14. CLERK AND BEARER
There were yet two days
for the Congress session to begin. I had made up my mind to offer my services
to the Congress office, in order to gain some experience. So as soon as
I had finished the daily ablutions on arrival at Calcutta, I proceeded
to the Congress office.
Babu Bhupendranath Basu and
Sjt. Ghosal were the secretaries. I went to Bhupenbabu and offered my services.
He looked at me, and said: 'I have no work, but possibly Ghosalbabu might
have something to give you. Please go to him.'
So I went to him. He scanned
me and said with a smile: 'I can give you only clerical work. Will you
'Certainly,' said I. 'I am here
to do anything that is not beyond my capacity.'
'That is the right spirit, young
man,' he said. Addressing the volunteers who surrounded him, he added,
'Do you hear what this young man says?'
Then turning to me he proceeded:
'Well then, here is a heap of letters for disposal. Take that chair and
begin. As you see, hundreds of people come to see me. What am I to do?
Am I to meet them, or am I to answer these busybodies inundating me with
letters? I have no clerks to whom I can entrust this work. Most of these
letters have nothing in them, but will you please look them through. Acknowledge
those that are worth it, and refer to me those that need a considered reply.'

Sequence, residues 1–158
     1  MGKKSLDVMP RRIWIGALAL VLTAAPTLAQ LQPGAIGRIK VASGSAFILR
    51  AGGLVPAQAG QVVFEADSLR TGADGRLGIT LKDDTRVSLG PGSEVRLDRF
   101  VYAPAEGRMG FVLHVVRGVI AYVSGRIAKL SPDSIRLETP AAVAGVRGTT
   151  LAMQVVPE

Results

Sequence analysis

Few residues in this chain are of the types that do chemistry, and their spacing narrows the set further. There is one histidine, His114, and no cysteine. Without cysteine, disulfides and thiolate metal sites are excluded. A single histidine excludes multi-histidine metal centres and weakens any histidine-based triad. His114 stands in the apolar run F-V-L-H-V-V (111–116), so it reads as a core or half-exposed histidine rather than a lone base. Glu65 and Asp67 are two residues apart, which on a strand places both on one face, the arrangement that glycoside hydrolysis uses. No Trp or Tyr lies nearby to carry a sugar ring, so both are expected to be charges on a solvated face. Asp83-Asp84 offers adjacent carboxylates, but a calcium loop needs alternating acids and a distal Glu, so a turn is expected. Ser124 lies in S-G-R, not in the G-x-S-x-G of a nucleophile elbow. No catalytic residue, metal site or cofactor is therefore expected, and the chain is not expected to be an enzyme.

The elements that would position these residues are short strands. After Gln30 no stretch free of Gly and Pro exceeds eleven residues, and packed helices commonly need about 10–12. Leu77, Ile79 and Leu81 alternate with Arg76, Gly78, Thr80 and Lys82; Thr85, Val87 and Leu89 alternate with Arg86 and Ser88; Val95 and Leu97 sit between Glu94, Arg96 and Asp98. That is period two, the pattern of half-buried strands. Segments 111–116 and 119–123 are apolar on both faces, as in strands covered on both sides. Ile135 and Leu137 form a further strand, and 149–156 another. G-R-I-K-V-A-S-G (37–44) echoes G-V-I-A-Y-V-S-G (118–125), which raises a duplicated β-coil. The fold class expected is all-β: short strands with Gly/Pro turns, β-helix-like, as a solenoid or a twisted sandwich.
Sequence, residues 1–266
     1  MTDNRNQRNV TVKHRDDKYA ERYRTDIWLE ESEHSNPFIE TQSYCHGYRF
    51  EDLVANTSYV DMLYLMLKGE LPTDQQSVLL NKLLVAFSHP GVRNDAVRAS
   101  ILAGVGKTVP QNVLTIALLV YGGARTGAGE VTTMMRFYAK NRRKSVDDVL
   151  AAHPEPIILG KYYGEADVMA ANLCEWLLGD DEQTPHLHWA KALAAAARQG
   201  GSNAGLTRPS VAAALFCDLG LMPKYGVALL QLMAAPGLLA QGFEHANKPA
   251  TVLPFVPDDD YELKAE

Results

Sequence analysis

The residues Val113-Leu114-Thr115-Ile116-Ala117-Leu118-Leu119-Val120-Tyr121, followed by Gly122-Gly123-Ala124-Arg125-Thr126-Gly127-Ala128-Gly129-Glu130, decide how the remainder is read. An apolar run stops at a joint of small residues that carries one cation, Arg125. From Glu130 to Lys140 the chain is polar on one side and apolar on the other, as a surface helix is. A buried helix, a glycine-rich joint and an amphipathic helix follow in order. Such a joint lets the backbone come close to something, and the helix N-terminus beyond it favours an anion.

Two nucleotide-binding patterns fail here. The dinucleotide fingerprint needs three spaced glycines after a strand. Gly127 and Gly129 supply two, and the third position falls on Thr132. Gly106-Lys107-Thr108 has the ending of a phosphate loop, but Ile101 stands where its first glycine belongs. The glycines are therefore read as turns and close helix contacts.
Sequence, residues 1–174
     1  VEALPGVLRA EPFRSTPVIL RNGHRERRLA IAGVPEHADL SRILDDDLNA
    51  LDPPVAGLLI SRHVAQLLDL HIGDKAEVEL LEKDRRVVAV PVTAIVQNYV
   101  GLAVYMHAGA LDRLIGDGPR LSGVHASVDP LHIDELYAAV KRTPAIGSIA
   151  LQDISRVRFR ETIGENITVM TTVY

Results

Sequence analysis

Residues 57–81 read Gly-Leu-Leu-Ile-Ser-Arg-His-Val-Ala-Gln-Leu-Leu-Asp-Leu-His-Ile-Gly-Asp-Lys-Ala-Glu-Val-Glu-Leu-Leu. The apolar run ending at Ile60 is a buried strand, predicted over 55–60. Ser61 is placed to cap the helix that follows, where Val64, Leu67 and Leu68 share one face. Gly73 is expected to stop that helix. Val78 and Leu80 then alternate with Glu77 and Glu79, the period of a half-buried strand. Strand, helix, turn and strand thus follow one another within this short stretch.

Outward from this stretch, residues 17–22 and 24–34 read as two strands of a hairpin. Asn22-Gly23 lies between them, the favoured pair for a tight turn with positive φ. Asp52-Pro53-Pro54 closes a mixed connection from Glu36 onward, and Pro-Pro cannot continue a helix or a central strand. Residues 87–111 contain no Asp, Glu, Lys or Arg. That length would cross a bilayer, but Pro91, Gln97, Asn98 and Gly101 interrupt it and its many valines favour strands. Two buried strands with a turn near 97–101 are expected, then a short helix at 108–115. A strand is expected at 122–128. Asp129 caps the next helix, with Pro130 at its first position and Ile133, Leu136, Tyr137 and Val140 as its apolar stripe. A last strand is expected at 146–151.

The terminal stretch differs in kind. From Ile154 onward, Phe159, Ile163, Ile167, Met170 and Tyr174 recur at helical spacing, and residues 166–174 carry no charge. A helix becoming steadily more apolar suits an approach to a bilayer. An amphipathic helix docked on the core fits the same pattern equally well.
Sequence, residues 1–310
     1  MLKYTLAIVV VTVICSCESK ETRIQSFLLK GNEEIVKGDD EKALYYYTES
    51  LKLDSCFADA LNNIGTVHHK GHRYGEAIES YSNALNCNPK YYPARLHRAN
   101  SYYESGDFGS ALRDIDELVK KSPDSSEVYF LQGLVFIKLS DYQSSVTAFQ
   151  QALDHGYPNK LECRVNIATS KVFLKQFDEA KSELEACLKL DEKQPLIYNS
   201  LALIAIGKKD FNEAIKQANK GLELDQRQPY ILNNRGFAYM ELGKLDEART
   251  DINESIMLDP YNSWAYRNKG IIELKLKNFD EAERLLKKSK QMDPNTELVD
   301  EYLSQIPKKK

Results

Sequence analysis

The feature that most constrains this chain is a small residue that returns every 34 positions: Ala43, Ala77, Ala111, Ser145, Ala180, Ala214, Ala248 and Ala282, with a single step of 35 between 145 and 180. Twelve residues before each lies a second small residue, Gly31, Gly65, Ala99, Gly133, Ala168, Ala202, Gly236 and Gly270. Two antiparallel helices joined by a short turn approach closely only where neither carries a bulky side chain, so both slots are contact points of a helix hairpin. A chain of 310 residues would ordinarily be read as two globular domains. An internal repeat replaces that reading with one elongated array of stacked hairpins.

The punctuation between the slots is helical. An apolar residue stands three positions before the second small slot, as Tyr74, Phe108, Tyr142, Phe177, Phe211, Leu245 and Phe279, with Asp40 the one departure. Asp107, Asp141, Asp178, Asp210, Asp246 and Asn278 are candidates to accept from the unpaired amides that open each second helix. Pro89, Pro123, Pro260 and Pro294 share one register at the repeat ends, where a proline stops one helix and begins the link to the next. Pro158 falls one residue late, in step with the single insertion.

I was delighted at the confidence
reposed in me.
Sjt. Ghosal did not know me
when he gave me the work. Only later did he enquire about my credentials.
I found my work very easy--the
disposal of that heap of correspondence. I had done with it in no time,
and Sjt. Ghosal was very glad. He was talkative. He would talk away for
hours together. When he learnt something from me about my history, he felt
rather sorry to have given me clerical work. But I reassured him: 'Please
don't worry. What am I before you? You have grown grey in the service of
the Congress, and are as an elder to me. I am but an inexperienced youth.
You have put me under a debt of obligation by entrusting me with this work.
For I want to do Congress work, and you have given me the rare opportunity
of understanding the details.'
'To tell you the truth,' said
Sjt. Ghosal. 'that is the proper spirit. But young men of today do not
realize it. Of course I have known the Congress since its birth. In fact
I may claim a certain share with Mr. Hume in bringing the Congress into
And thus we became good friends.
He insisted on my having lunch with him.
Sjt. Ghosal used to get his
shirt buttoned by his bearer. I volunteered to do the bearer's duty, and
I loved to do it, as my regard for elders was always great. When he came
to know this, he did not mind my doing little acts of personal service
for him. In fact he was delighted. Asking me to button his shirt, he would
say, 'You see, now, the Congress secretary has no time even to button his
shirt. He has always some work to do.' Sjt. Ghosal's naivete amused me,
but did not create any dislike in me for service of that nature. The benefit
I received from this service is incalculable.
In a few days I came to know
the working of the Congress. I met most of the leaders, I observed the
movements of stalwarts like Ghokhale and Surendranath. I also noticed the
huge waste of time there. I observed too, with sorrow even then, the prominent
place that the English language occupied in our affairs. There was little
regard for economy of energy. More than one did the work of one, and many
an important thing was no one's business at all.
Critical as my mind was in observing
these things, there was enough charity in me, and so I always thought that
it might after all be impossible to do better in the circumstances, and
that saved me from undervaluing any work.